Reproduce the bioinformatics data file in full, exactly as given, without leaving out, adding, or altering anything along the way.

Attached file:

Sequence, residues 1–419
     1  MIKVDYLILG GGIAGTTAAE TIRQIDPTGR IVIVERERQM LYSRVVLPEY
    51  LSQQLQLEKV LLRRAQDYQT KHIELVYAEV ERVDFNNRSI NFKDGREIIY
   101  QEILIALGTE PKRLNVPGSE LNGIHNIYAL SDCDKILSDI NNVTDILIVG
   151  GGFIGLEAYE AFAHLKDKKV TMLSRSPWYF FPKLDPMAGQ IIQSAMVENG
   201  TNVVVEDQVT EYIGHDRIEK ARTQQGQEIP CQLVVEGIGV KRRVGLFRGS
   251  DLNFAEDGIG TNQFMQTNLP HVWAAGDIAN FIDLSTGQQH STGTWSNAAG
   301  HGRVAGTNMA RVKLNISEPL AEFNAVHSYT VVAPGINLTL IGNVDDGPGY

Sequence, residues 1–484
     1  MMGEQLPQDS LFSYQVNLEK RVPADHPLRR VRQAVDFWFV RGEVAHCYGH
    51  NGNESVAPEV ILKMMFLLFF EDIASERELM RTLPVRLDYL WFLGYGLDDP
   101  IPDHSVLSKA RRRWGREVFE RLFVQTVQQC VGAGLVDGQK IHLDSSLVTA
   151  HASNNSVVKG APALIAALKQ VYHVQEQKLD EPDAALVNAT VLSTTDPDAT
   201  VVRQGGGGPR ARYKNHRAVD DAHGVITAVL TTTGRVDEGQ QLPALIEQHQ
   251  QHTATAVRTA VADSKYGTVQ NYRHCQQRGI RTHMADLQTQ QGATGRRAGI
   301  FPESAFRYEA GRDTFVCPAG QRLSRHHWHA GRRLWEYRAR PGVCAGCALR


Sequence, residues 1–419
     1  MIKVDYLILG GGIAGTTAAE TIRQIDPTGR IVIVERERQM LYSRVVLPEY
    51  LSQQLQLEKV LLRRAQDYQT KHIELVYAEV ERVDFNNRSI NFKDGREIIY
   101  QEILIALGTE PKRLNVPGSE LNGIHNIYAL SDCDKILSDI NNVTDILIVG
   151  GGFIGLEAYE AFAHLKDKKV TMLSRSPWYF FPKLDPMAGQ IIQSAMVENG
   201  TNVVVEDQVT EYIGHDRIEK ARTQQGQEIP CQLVVEGIGV KRRVGLFRGS
   251  DLNFAEDGIG TNQFMQTNLP HVWAAGDIAN FIDLSTGQQH STGTWSNAAG
   301  HGRVAGTNMA RVKLNISEPL AEFNAVHSYT VVAPGINLTL IGNVDDGPGY

Sequence, residues 1–484
     1  MMGEQLPQDS LFSYQVNLEK RVPADHPLRR VRQAVDFWFV RGEVAHCYGH
    51  NGNESVAPEV ILKMMFLLFF EDIASERELM RTLPVRLDYL WFLGYGLDDP
   101  IPDHSVLSKA RRRWGREVFE RLFVQTVQQC VGAGLVDGQK IHLDSSLVTA
   151  HASNNSVVKG APALIAALKQ VYHVQEQKLD EPDAALVNAT VLSTTDPDAT
   201  VVRQGGGGPR ARYKNHRAVD DAHGVITAVL TTTGRVDEGQ QLPALIEQHQ
   251  QHTATAVRTA VADSKYGTVQ NYRHCQQRGI RTHMADLQTQ QGATGRRAGI
   301  FPESAFRYEA GRDTFVCPAG QRLSRHHWHA GRRLWEYRAR PGVCAGCALR